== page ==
The Bell Tower


Bellshire is a moderately sized town. It was founded long before anyone living there can remember. It has a population of several hundred, made up of all races and occupations. The town is incredibly busy given its size; after the war the unique mix of people that made their homes in Bellshire have led to a dynamic culture and a town that grows each year.

Bellshire is an independent town and does not recognize any particular sovereignty. Before the war it was under the jurisdiction of a nation that no longer exists. Decisions are made by the town council, and everyone is familiar with the Elder.

The most impressive landmark, and the inspiration for the town’s name, is a bell tower that juts more than a hundred feet into the sky. The bell within is long gone; whether it rusted away or was stolen is often the inspiration of stories told on festival nights. The bell tower, much like Bellshire itself has been there as long as any can remember, perhaps longer – the stone that makes up the tower is quite unlike any of the surrounding area, and is built with straight edged bricks that make the houses look like hovels in comparison.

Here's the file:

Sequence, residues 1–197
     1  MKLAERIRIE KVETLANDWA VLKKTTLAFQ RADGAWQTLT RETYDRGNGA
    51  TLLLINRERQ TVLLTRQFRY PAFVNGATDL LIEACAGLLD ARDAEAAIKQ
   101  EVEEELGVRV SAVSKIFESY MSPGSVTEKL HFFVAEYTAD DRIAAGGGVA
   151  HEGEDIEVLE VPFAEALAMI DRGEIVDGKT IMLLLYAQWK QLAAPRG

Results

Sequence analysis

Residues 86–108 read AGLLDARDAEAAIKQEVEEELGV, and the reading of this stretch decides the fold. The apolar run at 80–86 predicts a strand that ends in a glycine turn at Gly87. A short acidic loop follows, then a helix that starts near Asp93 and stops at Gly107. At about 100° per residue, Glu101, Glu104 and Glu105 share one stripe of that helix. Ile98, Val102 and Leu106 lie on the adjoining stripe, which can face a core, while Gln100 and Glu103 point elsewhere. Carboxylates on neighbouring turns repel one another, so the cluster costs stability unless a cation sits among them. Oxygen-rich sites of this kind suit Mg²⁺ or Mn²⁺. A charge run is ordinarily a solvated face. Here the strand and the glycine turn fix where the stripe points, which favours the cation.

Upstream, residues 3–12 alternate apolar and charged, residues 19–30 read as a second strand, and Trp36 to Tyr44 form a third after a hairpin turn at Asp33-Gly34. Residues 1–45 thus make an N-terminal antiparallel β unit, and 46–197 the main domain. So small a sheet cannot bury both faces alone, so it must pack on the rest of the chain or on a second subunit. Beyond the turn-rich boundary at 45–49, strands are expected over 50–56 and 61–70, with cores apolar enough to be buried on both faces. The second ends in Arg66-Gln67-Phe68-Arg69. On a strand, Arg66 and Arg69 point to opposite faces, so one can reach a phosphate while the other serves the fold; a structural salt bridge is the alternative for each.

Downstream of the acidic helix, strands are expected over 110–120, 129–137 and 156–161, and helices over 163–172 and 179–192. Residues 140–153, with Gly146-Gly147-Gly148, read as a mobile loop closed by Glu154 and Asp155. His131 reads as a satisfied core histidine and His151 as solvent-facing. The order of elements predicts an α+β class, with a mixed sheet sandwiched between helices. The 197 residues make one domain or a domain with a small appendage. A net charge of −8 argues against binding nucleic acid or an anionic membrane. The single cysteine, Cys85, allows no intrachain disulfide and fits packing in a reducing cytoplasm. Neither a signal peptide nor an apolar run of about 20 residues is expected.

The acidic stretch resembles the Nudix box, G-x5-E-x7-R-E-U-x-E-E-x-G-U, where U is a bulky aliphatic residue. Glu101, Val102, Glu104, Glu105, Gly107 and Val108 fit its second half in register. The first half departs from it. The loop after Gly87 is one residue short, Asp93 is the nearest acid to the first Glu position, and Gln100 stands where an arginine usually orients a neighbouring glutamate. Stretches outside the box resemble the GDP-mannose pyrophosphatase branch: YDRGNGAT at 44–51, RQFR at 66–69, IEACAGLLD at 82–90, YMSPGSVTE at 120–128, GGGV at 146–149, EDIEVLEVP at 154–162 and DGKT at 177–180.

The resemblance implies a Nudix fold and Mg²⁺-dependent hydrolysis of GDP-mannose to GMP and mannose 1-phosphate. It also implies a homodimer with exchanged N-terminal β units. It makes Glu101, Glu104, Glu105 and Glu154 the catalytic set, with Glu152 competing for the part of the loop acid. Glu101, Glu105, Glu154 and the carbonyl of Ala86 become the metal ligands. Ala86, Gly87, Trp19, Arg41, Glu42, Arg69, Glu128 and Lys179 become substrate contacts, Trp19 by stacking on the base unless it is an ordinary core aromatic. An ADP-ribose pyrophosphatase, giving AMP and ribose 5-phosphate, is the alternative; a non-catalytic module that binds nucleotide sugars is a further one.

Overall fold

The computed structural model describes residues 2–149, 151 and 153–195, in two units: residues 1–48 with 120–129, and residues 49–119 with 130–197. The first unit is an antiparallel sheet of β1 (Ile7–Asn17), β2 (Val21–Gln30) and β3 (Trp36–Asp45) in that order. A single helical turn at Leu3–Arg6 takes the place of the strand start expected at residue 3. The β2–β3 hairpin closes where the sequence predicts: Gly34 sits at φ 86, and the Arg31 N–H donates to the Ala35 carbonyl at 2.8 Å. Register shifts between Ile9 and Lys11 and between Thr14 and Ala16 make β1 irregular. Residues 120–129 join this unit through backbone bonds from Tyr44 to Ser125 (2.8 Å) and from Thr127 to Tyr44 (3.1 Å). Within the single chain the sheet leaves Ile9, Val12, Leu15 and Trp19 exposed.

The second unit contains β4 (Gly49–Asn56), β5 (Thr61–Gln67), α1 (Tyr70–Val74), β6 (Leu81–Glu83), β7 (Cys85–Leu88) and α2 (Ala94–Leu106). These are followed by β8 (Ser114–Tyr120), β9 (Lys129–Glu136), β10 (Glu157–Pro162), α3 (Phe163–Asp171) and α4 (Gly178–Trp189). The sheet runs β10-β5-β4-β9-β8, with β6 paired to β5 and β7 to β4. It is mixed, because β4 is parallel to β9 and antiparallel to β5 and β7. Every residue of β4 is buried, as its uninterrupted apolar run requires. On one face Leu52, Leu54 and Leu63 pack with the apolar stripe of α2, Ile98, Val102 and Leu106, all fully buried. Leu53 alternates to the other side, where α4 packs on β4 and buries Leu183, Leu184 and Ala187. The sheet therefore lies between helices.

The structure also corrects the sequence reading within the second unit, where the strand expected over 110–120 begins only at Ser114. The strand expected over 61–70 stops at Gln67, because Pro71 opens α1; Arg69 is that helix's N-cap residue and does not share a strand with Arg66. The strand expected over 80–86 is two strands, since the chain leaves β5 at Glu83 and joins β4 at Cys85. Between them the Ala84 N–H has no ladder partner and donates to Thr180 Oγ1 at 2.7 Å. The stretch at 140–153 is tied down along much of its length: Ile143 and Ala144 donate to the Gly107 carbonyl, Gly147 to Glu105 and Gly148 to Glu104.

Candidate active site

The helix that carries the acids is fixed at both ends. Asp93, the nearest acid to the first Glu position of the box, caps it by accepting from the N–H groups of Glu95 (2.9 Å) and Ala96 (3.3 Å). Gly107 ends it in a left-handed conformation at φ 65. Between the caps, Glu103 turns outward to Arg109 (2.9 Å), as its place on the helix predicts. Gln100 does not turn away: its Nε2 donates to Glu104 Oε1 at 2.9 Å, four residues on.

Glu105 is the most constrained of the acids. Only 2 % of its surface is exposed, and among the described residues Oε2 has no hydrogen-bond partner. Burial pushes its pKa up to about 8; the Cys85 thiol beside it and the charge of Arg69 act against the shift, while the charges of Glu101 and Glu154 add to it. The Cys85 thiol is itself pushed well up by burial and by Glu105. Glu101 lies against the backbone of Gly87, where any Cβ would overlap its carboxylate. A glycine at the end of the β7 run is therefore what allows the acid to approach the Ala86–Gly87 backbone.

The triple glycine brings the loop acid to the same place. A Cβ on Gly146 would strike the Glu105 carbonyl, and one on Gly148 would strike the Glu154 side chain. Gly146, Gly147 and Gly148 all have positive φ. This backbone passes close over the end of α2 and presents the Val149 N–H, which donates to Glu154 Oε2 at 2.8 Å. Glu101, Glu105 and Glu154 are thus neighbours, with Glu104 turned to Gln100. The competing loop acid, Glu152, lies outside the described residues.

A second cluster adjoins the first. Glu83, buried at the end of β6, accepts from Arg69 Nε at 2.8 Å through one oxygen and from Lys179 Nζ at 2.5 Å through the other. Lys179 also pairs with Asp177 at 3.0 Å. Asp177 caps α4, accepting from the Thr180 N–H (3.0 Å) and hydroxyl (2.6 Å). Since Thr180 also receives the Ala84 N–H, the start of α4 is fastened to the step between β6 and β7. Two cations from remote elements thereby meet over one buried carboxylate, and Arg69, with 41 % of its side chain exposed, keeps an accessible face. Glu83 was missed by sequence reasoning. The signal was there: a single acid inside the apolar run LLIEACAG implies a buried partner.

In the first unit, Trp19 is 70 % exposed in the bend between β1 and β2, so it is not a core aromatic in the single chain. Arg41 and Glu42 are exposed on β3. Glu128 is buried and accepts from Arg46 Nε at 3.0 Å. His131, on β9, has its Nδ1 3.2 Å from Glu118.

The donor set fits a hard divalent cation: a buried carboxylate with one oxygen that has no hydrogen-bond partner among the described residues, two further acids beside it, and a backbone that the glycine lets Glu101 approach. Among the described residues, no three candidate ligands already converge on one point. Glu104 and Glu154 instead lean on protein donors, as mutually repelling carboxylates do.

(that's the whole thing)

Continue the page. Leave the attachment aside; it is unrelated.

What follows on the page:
Bellshire is an old town, and with it come old customs. One such custom is the Festival of the New Year. Townsfolk, villagers, farmers and even a few city-dwellers gather in Bellshire for the festival, where all of the promises of the previous year, written on scraps of paper, are retrieved from the belfry of the tower and returned to their authors. Those who failed to keep the promises of the previous year are chosen to gather up the new year’s promises and make a pilgrimage into the wilderness outside Bellshire, where they perform a simple ritual to impart good luck to the promises.


From Bellshire thefil